Having finished her thesis and undergraduate studies, Rea said she can look back on her time at CU Boulder with fond memories and good humor
In middle school, Jessica Rea was fascinated by the gruesome injury of Phineas Gage, a railroad foreman who miraculously survived an 1848 explosion that shot a three-foot-long iron rod through his skull, destroying much of his left frontal lobe. Rea became so fascinated, in fact, that she is making a career studying the workings of the brain. That early experience “was the first time I ever thought about the brain and how the brain makes us who we are,” Rea said recently. Gage lived for a dozen years after the accident, but, Rea noted, “He became a completely different person after that.” From that point on, Rea knew she wanted to study the brain, and neuroscience was her chosen path. That decision paid off.
In December, Rea was named the fall 2019 outstanding graduate of the College of Arts and Sciences at the University of Colorado Boulder. She earned a bachelor’s in neuroscience, summa cum laude, and a second degree in molecular, cellular and developmental biology. Additionally, she attained a minor in business. Working in the CU Boulder neuroscience laboratory of Assistant Professor Michael Saddoris, Rea conducted experiments in rats to better understand how chronic cocaine use hinders learning and motivation. To investigate, Rea compared the willingness of rats to self-administer cocaine to stimulate the neurotransmitters dopamine or glutamate in two sections of the basal forebrain.
Jessica Rea, who graduated summa cum laude in neuroscience, is the fall 2019 outstanding graduate of the College of Arts & Sciences. Photo by Alexandra Steele.
Rea observed more active cocaine self-administration in rats that stimulated one section versus another. Further research in this area could help scientists understand the connection between cocaine use and cognitive deficits, she writes in her abstract. “This, in turn, may help decipher how to reverse these impairments to treat those with cocaine abuse disorder, for which there is currently no FDA-approved treatment.” Commenting on Rea’s work, Saddoris wrote that her project was highly technical and difficult to complete. Further, she conducted a “monumental amount of work” verifying data and showing an “extraordinary amount of independence and organization.” In a speech to fellow graduates in December, Rea noted that the process of writing and defending her honors thesis “pushed me beyond all limitations I had placed on myself and challenged me to perform at a higher level than I had ever previously accomplished.” She explained the research in her thesis, noting the role of specific neural circuits involved in learning and motivation and how these signals are altered or disrupted following cocaine experience using a rodent model. Cocaine addiction has an extremely high rate of relapse, even after long periods of abstinence, she noted, adding that those who encounter cues that have associated with the drug—such as paraphernalia or context—can re-trigger drug-seeking behaviors. “Individuals are highly motivated to find and take the drug, while at the same time it becomes harder for them to motivate other behaviors like a new hobby or reaching out to spend time with family and friends,” she said. “It is these motivational deficits and the neural basis behind them that I focused on. If we could gain a better understanding of how cocaine alters these circuits, then maybe we would be on the right track to figuring out how to alleviate changes or reverse them to help treat individuals suffering cocaine abuse.”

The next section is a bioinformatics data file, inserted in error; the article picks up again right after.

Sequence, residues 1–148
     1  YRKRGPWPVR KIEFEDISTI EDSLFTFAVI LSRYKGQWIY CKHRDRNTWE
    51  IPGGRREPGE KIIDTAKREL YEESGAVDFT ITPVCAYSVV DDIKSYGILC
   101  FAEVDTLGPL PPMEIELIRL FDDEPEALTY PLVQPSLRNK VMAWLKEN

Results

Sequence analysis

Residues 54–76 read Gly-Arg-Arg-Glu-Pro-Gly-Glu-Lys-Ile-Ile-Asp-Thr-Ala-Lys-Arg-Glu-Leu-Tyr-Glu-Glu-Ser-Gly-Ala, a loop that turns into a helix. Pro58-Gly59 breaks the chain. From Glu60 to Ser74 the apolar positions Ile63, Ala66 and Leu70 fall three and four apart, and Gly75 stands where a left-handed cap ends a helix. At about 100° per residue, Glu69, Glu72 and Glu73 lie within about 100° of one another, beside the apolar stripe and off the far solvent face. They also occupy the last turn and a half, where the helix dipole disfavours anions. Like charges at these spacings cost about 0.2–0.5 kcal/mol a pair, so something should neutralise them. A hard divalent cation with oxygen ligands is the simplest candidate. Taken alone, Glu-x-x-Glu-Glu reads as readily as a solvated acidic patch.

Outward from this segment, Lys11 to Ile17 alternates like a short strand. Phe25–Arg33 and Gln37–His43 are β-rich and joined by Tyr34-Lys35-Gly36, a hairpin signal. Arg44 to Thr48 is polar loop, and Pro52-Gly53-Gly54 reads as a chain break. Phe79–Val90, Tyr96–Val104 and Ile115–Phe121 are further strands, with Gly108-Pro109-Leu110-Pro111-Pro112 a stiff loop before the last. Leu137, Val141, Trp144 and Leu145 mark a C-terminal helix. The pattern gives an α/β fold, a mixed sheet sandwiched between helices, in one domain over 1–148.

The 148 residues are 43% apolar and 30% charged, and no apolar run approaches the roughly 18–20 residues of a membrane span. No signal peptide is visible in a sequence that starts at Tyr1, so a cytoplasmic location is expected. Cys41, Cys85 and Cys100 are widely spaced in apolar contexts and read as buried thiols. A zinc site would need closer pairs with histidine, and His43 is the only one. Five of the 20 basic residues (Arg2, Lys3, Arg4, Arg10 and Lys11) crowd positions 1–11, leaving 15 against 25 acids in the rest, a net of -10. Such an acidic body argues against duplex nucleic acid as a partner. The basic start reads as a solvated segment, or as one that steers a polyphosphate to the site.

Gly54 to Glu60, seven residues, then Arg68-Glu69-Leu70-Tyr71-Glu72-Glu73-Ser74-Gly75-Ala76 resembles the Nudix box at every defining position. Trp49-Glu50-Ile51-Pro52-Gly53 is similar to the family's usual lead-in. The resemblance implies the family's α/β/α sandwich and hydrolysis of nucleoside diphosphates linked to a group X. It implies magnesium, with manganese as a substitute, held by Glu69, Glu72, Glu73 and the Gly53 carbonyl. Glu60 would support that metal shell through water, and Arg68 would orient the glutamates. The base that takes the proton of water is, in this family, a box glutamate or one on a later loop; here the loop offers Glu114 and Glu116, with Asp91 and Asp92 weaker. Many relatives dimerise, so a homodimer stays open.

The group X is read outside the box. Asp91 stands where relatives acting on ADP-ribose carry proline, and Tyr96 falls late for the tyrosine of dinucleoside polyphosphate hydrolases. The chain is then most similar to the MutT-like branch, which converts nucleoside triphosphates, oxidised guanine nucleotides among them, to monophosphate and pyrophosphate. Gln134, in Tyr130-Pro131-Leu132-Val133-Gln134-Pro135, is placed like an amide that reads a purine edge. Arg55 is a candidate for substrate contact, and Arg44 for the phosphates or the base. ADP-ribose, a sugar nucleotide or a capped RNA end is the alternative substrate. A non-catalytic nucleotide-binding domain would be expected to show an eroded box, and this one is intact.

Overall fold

Having finished her thesis and undergraduate studies, Rea said she can look back on her time at CU Boulder with fond memories and good humor. But there were times, she told fellow graduates, she began to doubt whether she could achieve what she’d set out to do, “times when I couldn’t imagine standing in front of you today, when it seemed ironic that I should be researching the neural circuitry involved with motivation when finding my own motivation seemed nearly impossible.” Rea is applying to five graduate schools on the West Coast and plans to continue studying neuroscience.
Original article can be found here in the College of Arts & Sciences Magazine